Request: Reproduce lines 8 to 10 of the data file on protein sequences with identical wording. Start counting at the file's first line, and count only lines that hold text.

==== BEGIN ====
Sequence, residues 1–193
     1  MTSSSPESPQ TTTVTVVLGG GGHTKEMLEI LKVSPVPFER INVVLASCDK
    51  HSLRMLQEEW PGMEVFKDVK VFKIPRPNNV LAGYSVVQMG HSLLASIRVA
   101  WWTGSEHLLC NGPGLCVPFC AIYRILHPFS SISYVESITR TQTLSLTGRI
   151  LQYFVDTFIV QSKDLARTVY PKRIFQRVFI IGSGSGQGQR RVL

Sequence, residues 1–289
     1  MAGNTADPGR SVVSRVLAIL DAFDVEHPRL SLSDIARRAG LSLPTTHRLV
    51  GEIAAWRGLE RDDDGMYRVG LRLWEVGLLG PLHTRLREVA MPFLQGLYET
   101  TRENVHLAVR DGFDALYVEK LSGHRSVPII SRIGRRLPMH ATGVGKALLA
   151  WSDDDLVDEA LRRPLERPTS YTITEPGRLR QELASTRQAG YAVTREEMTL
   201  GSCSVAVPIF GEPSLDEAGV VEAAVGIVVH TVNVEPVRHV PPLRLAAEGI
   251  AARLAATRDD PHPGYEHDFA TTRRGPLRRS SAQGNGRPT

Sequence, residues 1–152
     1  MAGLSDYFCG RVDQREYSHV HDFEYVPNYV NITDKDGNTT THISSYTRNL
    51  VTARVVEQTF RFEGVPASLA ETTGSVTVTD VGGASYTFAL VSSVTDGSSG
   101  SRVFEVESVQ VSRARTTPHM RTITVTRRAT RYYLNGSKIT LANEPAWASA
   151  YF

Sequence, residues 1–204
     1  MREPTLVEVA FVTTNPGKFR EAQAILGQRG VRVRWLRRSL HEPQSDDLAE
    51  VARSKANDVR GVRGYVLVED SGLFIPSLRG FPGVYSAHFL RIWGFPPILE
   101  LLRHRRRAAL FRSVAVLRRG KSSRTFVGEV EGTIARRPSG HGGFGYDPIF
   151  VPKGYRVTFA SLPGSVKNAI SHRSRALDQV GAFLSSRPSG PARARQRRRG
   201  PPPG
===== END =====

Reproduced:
    51  GEIAAWRGLE RDDDGMYRVG LRLWEVGLLG PLHTRLREVA MPFLQGLYET
   101  TRENVHLAVR DGFDALYVEK LSGHRSVPII SRIGRRLPMH ATGVGKALLA
   151  WSDDDLVDEA LRRPLERPTS YTITEPGRLR QELASTRQAG YAVTREEMTL